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John Wheatley from NACAB
"Employers have a range of responsibilities"
 real 28k

Treasury Minister Dawn Primarolo
"People are better off on working families' tax credit"
 real 28k

Tuesday, 27 February, 2001, 02:26 GMT
Family tax credit 'backfiring'
Family
Ministers say the credit gives families an extra 30 per week
The government's targeted tax cuts for families are backfiring, according to a study.

Research carried out by the National Association of Citizens Advice Bureaux (NACAB) suggests that many families are losing out on other benefits when they sign up for the working families tax credit.


The scheme has backfired for some of those it was meant to help the most

NACAB spokesman
It also found that some parents were sacked from their jobs because employers believed the tax break caused them too much hassle.

The credit gives around one million families about 20 a week in relief from income tax and is designed to take many out of poverty.

Worse off

However, the study found that some families were worse off because of it.

It found that parents felt "cheated and misled" when they discovered they had lost free school meals and help with their rent and council tax.

The benefit has also failed to ensure that parents were always better off in work, the study said.

The report was based on over 700 case reports from citizen advice bureau offices across the country.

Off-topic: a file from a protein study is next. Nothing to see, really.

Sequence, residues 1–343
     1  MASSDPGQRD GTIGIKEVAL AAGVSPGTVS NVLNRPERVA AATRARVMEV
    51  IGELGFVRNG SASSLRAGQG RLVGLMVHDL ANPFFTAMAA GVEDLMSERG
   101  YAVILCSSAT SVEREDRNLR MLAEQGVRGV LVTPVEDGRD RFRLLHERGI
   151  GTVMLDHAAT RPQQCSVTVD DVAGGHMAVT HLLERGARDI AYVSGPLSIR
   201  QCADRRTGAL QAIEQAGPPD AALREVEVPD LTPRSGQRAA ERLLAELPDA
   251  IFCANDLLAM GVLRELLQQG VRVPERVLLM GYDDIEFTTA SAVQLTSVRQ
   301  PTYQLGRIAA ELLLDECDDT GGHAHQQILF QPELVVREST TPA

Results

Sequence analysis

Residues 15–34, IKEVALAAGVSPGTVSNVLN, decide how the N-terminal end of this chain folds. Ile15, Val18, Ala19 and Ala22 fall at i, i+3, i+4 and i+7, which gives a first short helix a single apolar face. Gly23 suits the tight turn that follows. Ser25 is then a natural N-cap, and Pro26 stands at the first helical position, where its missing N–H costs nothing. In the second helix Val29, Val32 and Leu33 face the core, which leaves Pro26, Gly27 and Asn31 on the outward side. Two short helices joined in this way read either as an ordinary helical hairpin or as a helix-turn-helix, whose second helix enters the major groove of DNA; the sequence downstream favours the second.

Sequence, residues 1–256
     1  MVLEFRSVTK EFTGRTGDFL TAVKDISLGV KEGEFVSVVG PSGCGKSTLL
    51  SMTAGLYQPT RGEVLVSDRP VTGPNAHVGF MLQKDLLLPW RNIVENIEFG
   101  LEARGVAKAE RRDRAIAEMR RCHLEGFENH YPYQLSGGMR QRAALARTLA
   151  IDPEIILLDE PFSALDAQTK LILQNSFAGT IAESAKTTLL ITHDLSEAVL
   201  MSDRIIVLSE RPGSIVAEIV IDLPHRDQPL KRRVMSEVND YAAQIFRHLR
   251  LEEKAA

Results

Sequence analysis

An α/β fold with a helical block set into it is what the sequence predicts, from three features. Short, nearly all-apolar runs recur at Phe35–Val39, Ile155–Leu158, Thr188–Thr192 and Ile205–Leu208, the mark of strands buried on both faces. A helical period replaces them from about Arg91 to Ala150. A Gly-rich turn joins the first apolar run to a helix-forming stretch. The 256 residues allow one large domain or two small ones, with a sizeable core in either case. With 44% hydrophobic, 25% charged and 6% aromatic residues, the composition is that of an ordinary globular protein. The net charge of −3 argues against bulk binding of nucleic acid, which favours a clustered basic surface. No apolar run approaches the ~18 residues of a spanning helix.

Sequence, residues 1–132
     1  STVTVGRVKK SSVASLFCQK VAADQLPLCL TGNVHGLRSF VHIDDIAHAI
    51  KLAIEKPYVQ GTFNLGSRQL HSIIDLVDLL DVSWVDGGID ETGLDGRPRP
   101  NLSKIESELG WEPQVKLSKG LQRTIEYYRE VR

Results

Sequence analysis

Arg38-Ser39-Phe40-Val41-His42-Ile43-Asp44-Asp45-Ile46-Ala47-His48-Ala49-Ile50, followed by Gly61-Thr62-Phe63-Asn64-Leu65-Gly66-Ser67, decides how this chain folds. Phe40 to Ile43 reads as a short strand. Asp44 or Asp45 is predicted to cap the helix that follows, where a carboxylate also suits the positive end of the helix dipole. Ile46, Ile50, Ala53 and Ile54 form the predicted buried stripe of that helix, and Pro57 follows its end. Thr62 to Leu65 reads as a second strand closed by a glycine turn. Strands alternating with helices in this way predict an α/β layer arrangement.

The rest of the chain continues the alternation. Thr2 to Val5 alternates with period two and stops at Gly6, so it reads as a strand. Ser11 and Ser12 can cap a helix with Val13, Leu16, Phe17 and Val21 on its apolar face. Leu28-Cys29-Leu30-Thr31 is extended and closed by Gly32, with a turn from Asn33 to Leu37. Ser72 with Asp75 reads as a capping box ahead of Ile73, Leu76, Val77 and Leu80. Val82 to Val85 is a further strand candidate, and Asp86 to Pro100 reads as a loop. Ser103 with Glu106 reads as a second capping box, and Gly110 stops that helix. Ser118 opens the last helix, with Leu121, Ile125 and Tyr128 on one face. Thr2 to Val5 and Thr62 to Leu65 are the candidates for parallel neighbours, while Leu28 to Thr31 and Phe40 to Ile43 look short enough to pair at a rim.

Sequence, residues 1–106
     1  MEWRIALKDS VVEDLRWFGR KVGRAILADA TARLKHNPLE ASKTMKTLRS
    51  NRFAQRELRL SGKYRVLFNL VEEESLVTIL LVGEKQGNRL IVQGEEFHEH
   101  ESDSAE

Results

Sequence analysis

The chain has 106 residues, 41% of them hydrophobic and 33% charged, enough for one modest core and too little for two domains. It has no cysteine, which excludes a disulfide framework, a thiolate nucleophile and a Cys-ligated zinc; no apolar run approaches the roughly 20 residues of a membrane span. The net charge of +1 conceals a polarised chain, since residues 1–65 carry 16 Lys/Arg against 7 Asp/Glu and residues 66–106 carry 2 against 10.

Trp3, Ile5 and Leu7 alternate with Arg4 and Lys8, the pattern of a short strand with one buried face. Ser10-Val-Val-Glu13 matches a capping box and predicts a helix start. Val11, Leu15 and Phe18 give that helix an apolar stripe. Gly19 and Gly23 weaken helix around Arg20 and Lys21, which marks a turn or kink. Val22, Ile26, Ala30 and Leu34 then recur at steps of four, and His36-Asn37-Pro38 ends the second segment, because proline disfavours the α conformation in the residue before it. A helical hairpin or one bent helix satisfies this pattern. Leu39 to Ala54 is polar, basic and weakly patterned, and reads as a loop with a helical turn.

Backfired

A NACAB spokesman said: "The report shows the scheme has backfired for some of those it was meant to help the most.

"In the worst cases employers have sacked workers entitled to the pay boost or cut their hours because they want to avoid the red tape of paying through the wage packet."

Gordon Brown
Mr Brown favours targeted tax cuts
The report cites an example of a lone mother with three children who lost her job when the tax credit was routed through her pay packet.

The spokesman added: "It has failed to ensure that parents will always be better off in work than on benefits.

"The report shows that it is those people working faimilies tax credit should be helping the most - those moving to low-paid part-time work - who are experiencing the greatest problems with the scheme."

'Makes no sense'

The Citizen's Advice Bureau said the credit should be paid directly by the Inland Revenue instead of employers.

It added that the credit should allow families to retain certain entitlements such as free school meals within specific income bands.

David Harker, NACAB chief executive, said: "It makes no sense that the scheme that sets out to make work pay is making it more difficult for some people to stay in their jobs, and leaving some families worse instead of better off."

He added: "The scheme should not put jobs at risk or trap people on income support."

A Treasury spokesman said 700,000 families were receiving the WFTC through their wage packets, 1.1 million people were getting it in total, and all were an average of around 30 a week better off compared to family credit.

The spokesman said the government was worried about reports of staff being discriminated against because of the credit.

But he said only "a handful" of such cases had been reported to the NACAB.

The credit is expected to be replaced in 2003 by an employment tax credit and an integrated children's credit.

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See also:

21 Feb 01 | UK Politics
Fight for the family vote
19 Feb 01 | UK Politics
Tories pledge family tax boost
05 Feb 01 | UK Politics
Brown attacked over tax credit campaign
24 Apr 00 | UK Politics
Family tax credit reform in 2003
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